Earlier this month I received not one but two emails from Clear Wireless informing me they were unable to process a payment for internet services. Well, I’m NOT a Clear Wireless customer – haven’t been a customer for close to two years now.

Actually, I never truly had a chance to experience Clear’s internet services because their devices were unable to locate a signal indoors or outside of my home. Our brief relationship came to a swift, abrupt end when I cancelled service and returned their equipment, or so I thought.

Alarm bells went off in my head. I wondered, Is this a scam? What’s with these emails Clear? I fully expected that all of the contact and financial information I gave Clear to establish an account would be deleted once they received their equipment and my account was cancelled. As you might imagine these “out of the blue” emails brought up concerns about privacy, financial resources and digital data.

I grabbed my smartphone to give Clear a chance to explain what happened and I also reached out to Clear on Twitter in hopes of getting to the bottom of these unwelcomed emails.


A Customer Service Rep told me to “disregard the emails. They were sent in error. At no time was there an attempt made to charge your credit card”. This answer decreased my concern but I remained uncomfortable about the whole email situation.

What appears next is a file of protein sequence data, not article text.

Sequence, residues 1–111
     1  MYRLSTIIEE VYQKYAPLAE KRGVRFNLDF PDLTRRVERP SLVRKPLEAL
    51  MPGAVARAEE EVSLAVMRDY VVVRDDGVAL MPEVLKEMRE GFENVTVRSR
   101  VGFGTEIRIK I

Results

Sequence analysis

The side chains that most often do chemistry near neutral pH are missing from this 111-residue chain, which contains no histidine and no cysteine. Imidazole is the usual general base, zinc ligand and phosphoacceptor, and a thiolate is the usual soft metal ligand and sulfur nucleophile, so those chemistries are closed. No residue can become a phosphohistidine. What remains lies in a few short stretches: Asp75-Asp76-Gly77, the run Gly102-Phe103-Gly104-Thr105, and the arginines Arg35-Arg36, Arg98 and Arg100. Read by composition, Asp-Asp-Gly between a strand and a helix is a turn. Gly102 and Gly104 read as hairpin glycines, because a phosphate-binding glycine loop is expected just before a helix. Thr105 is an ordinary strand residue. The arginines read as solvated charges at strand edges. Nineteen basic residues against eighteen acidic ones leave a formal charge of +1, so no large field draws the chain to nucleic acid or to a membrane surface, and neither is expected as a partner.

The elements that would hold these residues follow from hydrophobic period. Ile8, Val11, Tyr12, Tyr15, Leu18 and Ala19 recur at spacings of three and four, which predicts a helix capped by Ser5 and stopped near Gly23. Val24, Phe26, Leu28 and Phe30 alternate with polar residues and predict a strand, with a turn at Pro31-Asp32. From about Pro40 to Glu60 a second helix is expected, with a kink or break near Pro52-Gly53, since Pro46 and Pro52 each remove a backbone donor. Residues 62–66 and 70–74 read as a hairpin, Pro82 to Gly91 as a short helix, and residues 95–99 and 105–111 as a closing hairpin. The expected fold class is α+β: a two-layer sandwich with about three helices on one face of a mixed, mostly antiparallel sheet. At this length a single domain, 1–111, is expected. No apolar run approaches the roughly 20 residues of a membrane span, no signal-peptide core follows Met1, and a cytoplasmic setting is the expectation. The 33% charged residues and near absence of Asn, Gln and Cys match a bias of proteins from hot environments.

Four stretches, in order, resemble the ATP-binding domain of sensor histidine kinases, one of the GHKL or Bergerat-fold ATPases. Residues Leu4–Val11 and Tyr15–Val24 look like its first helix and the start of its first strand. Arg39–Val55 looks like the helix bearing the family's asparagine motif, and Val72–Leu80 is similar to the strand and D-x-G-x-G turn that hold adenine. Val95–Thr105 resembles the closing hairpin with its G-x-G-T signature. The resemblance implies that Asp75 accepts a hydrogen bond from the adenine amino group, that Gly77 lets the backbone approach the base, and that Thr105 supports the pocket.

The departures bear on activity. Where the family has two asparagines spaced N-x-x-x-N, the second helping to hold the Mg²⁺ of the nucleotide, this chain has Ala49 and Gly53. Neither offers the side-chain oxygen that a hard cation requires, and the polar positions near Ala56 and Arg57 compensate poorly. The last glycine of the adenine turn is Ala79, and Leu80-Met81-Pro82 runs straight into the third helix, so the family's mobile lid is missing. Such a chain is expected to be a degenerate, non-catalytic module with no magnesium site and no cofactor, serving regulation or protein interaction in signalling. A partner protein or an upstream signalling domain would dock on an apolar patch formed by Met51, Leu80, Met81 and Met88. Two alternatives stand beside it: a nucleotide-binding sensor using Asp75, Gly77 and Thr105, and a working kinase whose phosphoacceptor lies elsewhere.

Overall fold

Lessons from Clear:

Strange things happen every day in business. Errors happen every day, but this is clearly a big one, if you ask me. These emails caused concerned consumers to share their frustrations on social networks – something every business wants to avoid. Clearly, something went terribly wrong at Clear.

To make sure this won’t happen to your business, when you end a relationship with a customer, no matter who ends the relationship, consider:

  1. Separate the former customer from active customers.
  2. Delete all customer information.
  3. Remove the customers billing (credit card or banking) information from your system.

Following these simple steps could prevent rogue correspondences from being sent out protecting your reputation from harm due to management or technology issues. Unwanted attention can harm an organization or brand far more than you might think. Don’t risk it.

What are your thoughts?

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